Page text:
The Lass Who Went Out with the Cry of Dawn Resource Guide
This audience guide is intended to be a tool to use as a means to enrich your experience at The BiTSY Stage. Here you will find activities that will prepare you for our show as well as fun things to do and talk about once you’ve seen our production.
We hope this will deepen your understanding and enjoyment of theater in general.
Preparing for your visit:
1. Have you ever been to a theater before? What can you expect? How is being at a theater different than watching a movie or a TV show? How does having live actors change the experience?
2. Do you watch a TV show the same way you would sit at a theater? How is it different? How is it the similar?
3. What are some ways we can show our appreciation for the performers? How can we ensure that our behavior doesn’t disrupt anyone else’s enjoyment of the show?
4. What do you think a play is? How would you define it?
1. The Lass Who Went Out with the Cry of Dawn is an adaptation of a Scottish folk tale. What is an adaptation? Can you name an adaptation of something you’ve seen? Did you know that many Disney cartoons are adaptations of very old stories? Why do you think people would adapt stories? If you could adapt a story you already know, what story would you choose? How would you adapt it? Play? Movie? TV Show? Book? Describe how you would tell the story in your own way.
2. The Lass in our story acts very bravely as she goes on a journey to save her sister. What is the bravest thing you’ve ever done? What do you think being brave means? What kinds of things prevent people from acting bravely? Is there someone in your life you’d be willing to be brave for? Are there any people you think would do brave things for you? Can you think of anyone you know who has ever done something brave?
3. A large part of our tale takes place on a very big hill that the Lass needs to climb. How do you think we might show that in our theater? If you had to tell a story that took place up high how would you make it happen? Look around your home and find some things you could use to create a mountain on stage.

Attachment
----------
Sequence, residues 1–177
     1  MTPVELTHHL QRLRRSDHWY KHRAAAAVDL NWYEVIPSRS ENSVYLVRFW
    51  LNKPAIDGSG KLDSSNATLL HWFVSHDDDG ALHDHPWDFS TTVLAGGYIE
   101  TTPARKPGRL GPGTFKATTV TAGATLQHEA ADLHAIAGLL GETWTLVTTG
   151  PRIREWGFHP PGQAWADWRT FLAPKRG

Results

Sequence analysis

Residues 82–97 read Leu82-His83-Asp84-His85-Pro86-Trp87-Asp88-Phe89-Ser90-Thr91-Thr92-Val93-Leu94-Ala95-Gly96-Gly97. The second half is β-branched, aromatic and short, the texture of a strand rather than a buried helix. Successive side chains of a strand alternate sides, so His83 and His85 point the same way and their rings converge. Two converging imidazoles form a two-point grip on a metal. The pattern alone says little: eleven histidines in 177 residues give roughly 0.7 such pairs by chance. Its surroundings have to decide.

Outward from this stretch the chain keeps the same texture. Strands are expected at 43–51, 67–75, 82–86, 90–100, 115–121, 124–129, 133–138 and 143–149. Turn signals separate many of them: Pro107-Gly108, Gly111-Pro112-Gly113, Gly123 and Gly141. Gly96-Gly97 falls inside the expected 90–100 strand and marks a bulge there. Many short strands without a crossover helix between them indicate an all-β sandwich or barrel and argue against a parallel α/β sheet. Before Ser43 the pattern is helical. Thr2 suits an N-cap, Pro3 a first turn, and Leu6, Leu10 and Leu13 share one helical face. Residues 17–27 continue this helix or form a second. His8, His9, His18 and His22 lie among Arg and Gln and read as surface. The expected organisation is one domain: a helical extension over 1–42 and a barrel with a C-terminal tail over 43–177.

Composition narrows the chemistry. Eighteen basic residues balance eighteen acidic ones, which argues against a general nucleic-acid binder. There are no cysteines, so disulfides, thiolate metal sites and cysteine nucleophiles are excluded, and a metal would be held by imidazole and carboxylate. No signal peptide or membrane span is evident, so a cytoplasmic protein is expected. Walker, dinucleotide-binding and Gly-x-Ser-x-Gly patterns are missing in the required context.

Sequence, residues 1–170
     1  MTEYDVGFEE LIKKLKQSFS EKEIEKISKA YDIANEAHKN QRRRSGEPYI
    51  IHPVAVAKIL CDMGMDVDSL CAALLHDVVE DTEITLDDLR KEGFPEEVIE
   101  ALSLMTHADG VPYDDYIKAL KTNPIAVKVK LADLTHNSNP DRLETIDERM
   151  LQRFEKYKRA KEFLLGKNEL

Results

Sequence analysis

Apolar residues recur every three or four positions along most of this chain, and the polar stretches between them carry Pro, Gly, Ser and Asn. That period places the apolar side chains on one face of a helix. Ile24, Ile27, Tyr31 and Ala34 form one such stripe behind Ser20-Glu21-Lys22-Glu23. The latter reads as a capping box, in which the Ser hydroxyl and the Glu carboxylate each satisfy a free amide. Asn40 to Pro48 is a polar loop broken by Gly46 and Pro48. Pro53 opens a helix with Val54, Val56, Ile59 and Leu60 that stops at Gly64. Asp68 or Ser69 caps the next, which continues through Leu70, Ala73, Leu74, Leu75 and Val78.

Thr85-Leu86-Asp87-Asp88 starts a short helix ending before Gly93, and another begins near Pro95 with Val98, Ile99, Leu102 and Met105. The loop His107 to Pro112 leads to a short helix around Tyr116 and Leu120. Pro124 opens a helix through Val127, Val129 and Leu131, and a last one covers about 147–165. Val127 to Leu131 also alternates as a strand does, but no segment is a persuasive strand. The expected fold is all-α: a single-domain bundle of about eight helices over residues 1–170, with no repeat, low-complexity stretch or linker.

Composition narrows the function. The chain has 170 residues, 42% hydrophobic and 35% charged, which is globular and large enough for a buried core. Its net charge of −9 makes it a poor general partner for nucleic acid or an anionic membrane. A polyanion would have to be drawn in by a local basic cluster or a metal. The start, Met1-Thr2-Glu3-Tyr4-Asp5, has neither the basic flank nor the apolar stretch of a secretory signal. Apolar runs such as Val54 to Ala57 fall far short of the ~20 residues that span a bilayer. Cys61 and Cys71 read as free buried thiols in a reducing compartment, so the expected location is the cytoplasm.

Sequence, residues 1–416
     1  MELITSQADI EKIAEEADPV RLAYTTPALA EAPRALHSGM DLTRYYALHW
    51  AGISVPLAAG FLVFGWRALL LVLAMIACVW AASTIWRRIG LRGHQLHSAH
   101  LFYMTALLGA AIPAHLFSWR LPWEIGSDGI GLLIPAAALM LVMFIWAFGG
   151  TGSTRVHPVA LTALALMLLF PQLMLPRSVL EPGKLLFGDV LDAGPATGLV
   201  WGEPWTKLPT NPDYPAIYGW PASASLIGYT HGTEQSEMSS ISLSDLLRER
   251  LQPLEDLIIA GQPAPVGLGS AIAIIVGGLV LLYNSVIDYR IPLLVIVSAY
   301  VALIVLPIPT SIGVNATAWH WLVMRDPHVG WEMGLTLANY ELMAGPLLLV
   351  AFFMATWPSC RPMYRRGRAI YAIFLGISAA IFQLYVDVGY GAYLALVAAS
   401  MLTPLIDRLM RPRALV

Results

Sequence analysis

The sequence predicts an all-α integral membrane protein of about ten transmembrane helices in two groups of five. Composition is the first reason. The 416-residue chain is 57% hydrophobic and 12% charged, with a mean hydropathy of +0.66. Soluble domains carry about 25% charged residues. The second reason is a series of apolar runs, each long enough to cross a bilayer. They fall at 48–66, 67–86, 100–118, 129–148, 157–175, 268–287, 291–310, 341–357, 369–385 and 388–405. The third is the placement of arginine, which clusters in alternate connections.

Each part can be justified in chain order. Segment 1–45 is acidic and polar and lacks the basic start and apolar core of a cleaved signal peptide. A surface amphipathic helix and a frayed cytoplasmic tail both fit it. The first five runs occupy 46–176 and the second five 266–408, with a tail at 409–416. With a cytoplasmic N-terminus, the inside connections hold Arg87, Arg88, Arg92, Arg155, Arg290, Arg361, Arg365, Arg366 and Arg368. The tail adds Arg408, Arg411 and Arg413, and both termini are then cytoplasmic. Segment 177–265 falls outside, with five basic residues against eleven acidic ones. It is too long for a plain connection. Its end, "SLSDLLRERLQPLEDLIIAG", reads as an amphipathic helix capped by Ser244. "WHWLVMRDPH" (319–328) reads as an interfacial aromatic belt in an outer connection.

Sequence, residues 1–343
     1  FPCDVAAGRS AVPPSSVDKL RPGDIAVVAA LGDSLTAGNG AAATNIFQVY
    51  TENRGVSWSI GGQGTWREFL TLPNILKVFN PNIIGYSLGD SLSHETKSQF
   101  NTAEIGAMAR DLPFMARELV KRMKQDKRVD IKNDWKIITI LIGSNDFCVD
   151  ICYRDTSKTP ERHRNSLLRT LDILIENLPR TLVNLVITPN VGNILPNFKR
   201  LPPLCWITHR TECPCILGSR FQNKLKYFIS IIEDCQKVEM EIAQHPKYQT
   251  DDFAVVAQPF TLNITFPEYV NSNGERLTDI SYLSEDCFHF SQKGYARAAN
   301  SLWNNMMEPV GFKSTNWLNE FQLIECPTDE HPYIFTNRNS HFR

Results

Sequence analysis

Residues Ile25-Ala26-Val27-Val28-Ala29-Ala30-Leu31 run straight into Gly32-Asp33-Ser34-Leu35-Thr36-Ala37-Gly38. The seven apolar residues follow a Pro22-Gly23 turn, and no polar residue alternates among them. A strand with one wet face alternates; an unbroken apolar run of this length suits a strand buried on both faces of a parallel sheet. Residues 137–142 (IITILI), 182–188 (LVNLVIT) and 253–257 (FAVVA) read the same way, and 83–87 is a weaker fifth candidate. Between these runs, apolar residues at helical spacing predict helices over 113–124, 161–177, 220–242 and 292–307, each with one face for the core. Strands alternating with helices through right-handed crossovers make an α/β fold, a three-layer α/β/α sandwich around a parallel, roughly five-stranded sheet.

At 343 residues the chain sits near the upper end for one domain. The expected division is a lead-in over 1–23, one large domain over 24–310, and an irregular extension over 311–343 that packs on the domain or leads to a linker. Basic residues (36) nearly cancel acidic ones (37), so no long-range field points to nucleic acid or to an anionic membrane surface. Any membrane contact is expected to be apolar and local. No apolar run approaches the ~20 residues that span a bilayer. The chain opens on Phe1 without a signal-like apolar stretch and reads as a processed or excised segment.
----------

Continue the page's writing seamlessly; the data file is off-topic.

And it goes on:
1. The Lass’ parents give her a lot of things to take on her journey. Did you think they would all be useful when the story started? How did she use each of the things she was given? (coin, needle and thread, thimble, penny whistle, knitting, cotton) Do you think her parents knew she would need each of these things? Can you think of any reason her mom sent her off with so much stuff? Do any adults in your life ever give you something that doesn’t seem useful when you get it but comes in handy later?
2. The last line of the last song in our show is
“There’s a lesson here should not be forgot / Kindness unties any Celtic knot.”
That’s a metaphor – which means a word or phrase that does not mean what it literally says. What do you think we mean by that? What is the knot that kindness can untie? Do you agree with what we say? How important do you think it is to be kind to others? Is it possible to be kind to someone who is not kind to you? What are some of the reasons people might not be kind to one another?
3. Our designer created our sets and costumes in the style of Steampunk. Steampunk is a style of design that features steam-powered machinery instead of advanced technology. Draw a picture of what you think something that is modern would look like if it had been created in the world of Steampunk. What might a computer look like if steam was the primary source of power? Go online with an adult and look up Steampunk design for some inspiration.
4. Our costumes were created using a lot of plaid. In Scotland those patterns are often referred to as “tartans” and different color and pattern combinations represent different families. If you were able to create a tartan for your own family, what colors would you use? Why would you make those choices? Draw a picture of the pattern you would design. What piece of clothing would you make for yourself to wear with your family’s pattern?
5. The Balladeer in our story becomes the Mischanter. If he was singing his own story the whole time, how do you think he went from the end of the tale where the Lass and her sister promise to visit to traveling around and sharing his experience with audiences? Create a story that explains what life was like after his enchantments are broken. You could write it down and illustrate it or turn it into your own play and act it out. You could also write a song that the Balladeer could sing.
6. The Lass Who Went Out with the Cry of Dawn is a Celtic tale and we had a Celtic harpist accompanying our performance. Have you ever seen a show with a live musician before? Do you think there is a difference in how it feels to see a show with someone playing in the same room as you versus a show where the music is pre-recorded? What do you think that difference is? Does it change the way the show feels? If you were to tell your own version of our story, what kind of musician would you choose and why? Think of another story you know and imagine you’re going to turn it into a play. What kind of musician would you want to perform for your play? Find an example of the type of music you would have this person play for the tale you chose.